Voters say they care about inflation more than Gaza. Today’s numbers should worry Biden

WASHINGTON, DC - MAY 14: Voters have said that inflation remains one of their top concerns. The lastest numbers should concern U.S. President Joe Biden. (Photo by Win McNamee/Getty Images) (Getty Images)
WASHINGTON, DC - MAY 14: Voters have said that inflation remains one of their top concerns. The lastest numbers should concern U.S. President Joe Biden. (Photo by Win McNamee/Getty Images) (Getty Images)

The latest inflation numbers should give President Joe Biden pause.

On Wednesday, the Bureau of Labor Statistics released its latest Consumer Price Index Summary report and found that inflation rose 0.3 points during April and that it jumped 3.4 per cent in the past twelve months.

That number is virtually the same as in March, when inflation increased 0.4 per cent and 3.4 per cent from March 2023 to March 2024.

 (Getty Images)
(Getty Images)

As usual, gasoline prices and shelter — in other words, mainly cars and rent prices — played the biggest role in price increases. This time, it contributed more than 70 per cent to the increase in prices. Gasoline jumped 2.8 per cent in the past month when in October of last year, it had dropped 4.3 per cent and in March it rose only 1.7 per cent.

Meanwhile, rent and the owner’s equivalent of rent both jumped by 0.4 per cent in the past month. By comparison, food remained virtually unchanged. Food at home — meaning products like groceries — actually dropped by 0.2 per cent.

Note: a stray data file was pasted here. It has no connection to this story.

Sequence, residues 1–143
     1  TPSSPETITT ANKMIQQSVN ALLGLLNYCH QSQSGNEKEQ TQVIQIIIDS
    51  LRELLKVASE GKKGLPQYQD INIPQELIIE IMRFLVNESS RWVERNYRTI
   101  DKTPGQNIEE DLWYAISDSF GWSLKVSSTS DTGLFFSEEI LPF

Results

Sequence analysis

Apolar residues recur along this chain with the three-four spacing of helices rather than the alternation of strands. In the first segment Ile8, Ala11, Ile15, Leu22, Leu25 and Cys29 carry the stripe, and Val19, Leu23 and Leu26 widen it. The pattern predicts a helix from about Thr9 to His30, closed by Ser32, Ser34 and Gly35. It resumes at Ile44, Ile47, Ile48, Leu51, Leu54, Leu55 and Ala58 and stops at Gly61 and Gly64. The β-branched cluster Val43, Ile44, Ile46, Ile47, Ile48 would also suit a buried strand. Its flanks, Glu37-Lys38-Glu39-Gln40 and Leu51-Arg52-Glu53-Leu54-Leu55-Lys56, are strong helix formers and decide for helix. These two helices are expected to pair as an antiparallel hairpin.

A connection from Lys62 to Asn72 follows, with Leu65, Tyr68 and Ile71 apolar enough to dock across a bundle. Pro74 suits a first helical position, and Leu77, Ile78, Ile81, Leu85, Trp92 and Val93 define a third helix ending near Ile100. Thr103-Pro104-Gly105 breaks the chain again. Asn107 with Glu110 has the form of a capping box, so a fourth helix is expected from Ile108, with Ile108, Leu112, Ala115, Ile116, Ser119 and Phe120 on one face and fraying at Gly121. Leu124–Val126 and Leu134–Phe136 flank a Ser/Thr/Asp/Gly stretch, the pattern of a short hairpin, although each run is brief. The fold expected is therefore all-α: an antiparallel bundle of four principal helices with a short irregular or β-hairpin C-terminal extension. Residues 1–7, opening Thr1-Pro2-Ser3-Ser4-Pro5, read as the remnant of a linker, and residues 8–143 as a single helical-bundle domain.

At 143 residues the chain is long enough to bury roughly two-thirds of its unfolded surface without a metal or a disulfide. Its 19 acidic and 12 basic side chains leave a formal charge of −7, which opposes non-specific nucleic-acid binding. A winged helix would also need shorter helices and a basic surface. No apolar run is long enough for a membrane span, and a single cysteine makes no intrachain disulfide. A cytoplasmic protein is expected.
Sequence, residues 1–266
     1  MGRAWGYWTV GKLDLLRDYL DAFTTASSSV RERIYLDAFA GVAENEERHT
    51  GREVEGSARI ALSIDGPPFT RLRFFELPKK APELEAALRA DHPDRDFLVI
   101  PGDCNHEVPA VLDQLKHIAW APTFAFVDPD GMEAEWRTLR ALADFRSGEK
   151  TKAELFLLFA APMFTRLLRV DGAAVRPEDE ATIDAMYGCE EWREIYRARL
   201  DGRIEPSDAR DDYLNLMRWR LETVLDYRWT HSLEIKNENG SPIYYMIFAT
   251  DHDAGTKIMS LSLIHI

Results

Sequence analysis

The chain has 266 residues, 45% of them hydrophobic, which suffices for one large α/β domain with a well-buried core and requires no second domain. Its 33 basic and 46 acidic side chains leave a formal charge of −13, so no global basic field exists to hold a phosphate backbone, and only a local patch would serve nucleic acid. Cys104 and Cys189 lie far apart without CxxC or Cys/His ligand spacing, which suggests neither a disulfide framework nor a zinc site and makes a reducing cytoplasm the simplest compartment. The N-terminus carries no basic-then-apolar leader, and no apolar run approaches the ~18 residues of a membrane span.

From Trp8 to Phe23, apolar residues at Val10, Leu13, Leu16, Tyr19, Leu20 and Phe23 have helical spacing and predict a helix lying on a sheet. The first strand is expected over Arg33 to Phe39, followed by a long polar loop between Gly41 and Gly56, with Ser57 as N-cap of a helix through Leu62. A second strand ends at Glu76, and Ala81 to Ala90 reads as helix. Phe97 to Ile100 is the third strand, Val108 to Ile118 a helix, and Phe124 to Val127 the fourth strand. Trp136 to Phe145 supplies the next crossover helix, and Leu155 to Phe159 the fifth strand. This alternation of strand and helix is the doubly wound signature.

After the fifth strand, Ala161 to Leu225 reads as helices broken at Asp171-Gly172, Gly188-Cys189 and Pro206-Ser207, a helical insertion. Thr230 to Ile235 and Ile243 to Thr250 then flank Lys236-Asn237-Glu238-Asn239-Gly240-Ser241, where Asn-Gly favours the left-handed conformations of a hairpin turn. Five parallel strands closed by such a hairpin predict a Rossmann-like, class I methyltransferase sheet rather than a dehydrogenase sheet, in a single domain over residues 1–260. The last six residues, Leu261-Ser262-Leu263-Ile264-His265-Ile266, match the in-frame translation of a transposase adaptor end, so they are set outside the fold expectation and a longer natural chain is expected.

Inflation has been Biden’s most persistent enemy throughout his presidency. Rising prices have soured Americans on the president, despite a hot labor market where wages are up. Indeed, earlier this month, the BLS’s jobs report found that despite jobs numbers underperforming expectations, the United States has experienced its longest streak of unemployment being below 4 per cent since the late 1960s.

Nevertheless, the latest numbers are a blow to Biden. A New York Times/Siena College poll released this week found that while most Americans consider the economy — namely jobs, and the strength of stock market — their top issue, inflation and the cost of living is also extremely important to them. Indeed, it outpaces Gaza as an issue among every age group.

It may be a surprise to some that inflation motivates plenty of young voters, but the data is clear. Last month, the Harvard Institute of Politics released its poll of voters between the ages of 18 and 29. The survey found that 64 per cent of young voters call inflation a major issue facing the United States, while 56 per cent of young voters list housing as a major issue. Meanwhile, only 50 per cent list women’s reproductive rights as a major issue, 34 per cent of young voters list Israel and Palestine as a major issue and only 26 per cent list student debt as a major issue.

Biden does seem to understand this. He made a statement on Wednesday saying inflation still is on the downswing, noting how core inflation — meaning energy and food — remains on the decline.

“Fighting inflation and lowering costs is my top economic priority,” he said. “I know many families are struggling, and that even though we’ve made progress we have a lot more to do. Inflation has fallen more than 60 per cent from its peak, and core inflation fell to its lowest level in three years.”

The president also cited concerns about housing.

“Prices are still too high — so my agenda will give families breathing room by building two million new homes to lower housing costs, taking on Big Pharma to lower prescription drug prices, and calling on grocery chains making record profits to lower grocery prices for consumers,” he said.

Federal Reserve Chairman Jerome Powell also seemed to acknowledge that housing remained a persistent problem. Speaking at a Foreign Bankers' Association conference in Amsterdam, he cited housing as a serious issue for Americans in 2024. The Federal Reserve has elected so far to not cut interest rates after raising them throughout much the past few years.